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What can box jellyfish tell us about early eye evolution?

Nilsson, Dan-E LU (2006) In Perception 35. p.167-167
Abstract
The eyes of visually prominent animals such as vertebrates, cephalopods, and arthropods generally subserve a multitude of visual tasks. Naturally, early stages in the evolution of these complex visual organs must have been simpler, and subserved a smaller number of visual tasks. Hence, eye evolution is driven by a consecutive accumulation of visual tasks. Each task adds to the requirements on eye structure, making it gradually more complex. For these reasons, reconstructions of eye evolution should ideally be based on an understanding of the sequential addition of visual tasks. In particular, it is interesting to ask what the first visual tasks might have been, and what requirements these would have placed on the structure and function of... (More)
The eyes of visually prominent animals such as vertebrates, cephalopods, and arthropods generally subserve a multitude of visual tasks. Naturally, early stages in the evolution of these complex visual organs must have been simpler, and subserved a smaller number of visual tasks. Hence, eye evolution is driven by a consecutive accumulation of visual tasks. Each task adds to the requirements on eye structure, making it gradually more complex. For these reasons, reconstructions of eye evolution should ideally be based on an understanding of the sequential addition of visual tasks. In particular, it is interesting to ask what the first visual tasks might have been, and what requirements these would have placed on the structure and function of early eyes. With this objective, we have investigated vision in a group of simple and phylogenetically basal animals, the box jellyfish. Behavioural experiments indicate that these animals use vision primarily for positioning in the habitat, and for negotiating obstacles. To serve these tasks, the eyes are tuned for low spatial frequencies and are colour-blind. The findings indicate that low resolution is not just sufficient, but in fact desirable in early stages of eye evolution. (Less)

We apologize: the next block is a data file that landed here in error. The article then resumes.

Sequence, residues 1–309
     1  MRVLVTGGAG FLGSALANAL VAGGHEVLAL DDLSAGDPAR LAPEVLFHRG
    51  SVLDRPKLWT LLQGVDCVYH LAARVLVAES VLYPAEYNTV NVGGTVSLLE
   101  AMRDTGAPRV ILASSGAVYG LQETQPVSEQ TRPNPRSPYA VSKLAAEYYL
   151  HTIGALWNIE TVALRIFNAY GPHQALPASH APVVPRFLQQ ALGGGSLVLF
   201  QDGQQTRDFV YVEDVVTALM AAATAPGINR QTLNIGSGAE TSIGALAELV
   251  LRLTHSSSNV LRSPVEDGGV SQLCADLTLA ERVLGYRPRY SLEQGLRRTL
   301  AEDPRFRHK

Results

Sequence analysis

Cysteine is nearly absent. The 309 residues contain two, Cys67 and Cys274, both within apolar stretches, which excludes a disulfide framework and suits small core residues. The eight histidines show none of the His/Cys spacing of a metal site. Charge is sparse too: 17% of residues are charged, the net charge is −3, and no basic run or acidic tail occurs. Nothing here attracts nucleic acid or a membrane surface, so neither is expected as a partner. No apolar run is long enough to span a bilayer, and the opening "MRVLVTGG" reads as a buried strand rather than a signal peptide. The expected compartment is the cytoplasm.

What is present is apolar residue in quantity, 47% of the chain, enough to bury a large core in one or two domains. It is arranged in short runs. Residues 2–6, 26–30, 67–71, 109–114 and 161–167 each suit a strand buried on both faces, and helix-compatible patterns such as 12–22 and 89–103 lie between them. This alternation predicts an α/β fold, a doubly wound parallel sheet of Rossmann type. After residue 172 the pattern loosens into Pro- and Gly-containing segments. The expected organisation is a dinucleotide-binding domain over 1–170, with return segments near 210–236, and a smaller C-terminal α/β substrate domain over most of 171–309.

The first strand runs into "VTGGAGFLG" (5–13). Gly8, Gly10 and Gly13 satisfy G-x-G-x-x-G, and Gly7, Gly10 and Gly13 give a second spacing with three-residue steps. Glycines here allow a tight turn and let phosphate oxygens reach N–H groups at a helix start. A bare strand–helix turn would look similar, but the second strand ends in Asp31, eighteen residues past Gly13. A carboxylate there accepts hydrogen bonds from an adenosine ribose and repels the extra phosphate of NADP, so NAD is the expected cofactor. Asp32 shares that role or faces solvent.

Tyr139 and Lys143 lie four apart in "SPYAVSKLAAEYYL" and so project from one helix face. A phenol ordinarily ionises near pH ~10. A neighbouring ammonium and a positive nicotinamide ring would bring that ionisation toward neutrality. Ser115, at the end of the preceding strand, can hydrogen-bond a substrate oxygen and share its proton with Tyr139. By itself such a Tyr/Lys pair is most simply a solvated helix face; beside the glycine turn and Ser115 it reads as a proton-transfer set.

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author
organization
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Contribution to journal
publication status
published
subject
in
Perception
volume
35
pages
167 - 167
publisher
Pion Ltd
ISSN
0301-0066
language
English
LU publication?
yes
id
dcbbcc60-4f3d-4538-bc24-9b97410ba382 (old id 759232)
date added to LUP
2016-04-01 12:15:44
date last changed
2020-10-13 13:46:34
@article{dcbbcc60-4f3d-4538-bc24-9b97410ba382,
  abstract     = {The eyes of visually prominent animals such as vertebrates, cephalopods, and arthropods generally subserve a multitude of visual tasks. Naturally, early stages in the evolution of these complex visual organs must have been simpler, and subserved a smaller number of visual tasks. Hence, eye evolution is driven by a consecutive accumulation of visual tasks. Each task adds to the requirements on eye structure, making it gradually more complex. For these reasons, reconstructions of eye evolution should ideally be based on an understanding of the sequential addition of visual tasks. In particular, it is interesting to ask what the first visual tasks might have been, and what requirements these would have placed on the structure and function of early eyes. With this objective, we have investigated vision in a group of simple and phylogenetically basal animals, the box jellyfish. Behavioural experiments indicate that these animals use vision primarily for positioning in the habitat, and for negotiating obstacles. To serve these tasks, the eyes are tuned for low spatial frequencies and are colour-blind. The findings indicate that low resolution is not just sufficient, but in fact desirable in early stages of eye evolution.},
  author       = {Nilsson, Dan-E},
  issn         = {0301-0066},
  language     = {eng},
  pages        = {167--167},
  publisher    = {Pion Ltd},
  series       = {Perception},
  title        = {What can box jellyfish tell us about early eye evolution?},
  volume       = {35},
  year         = {2006},
}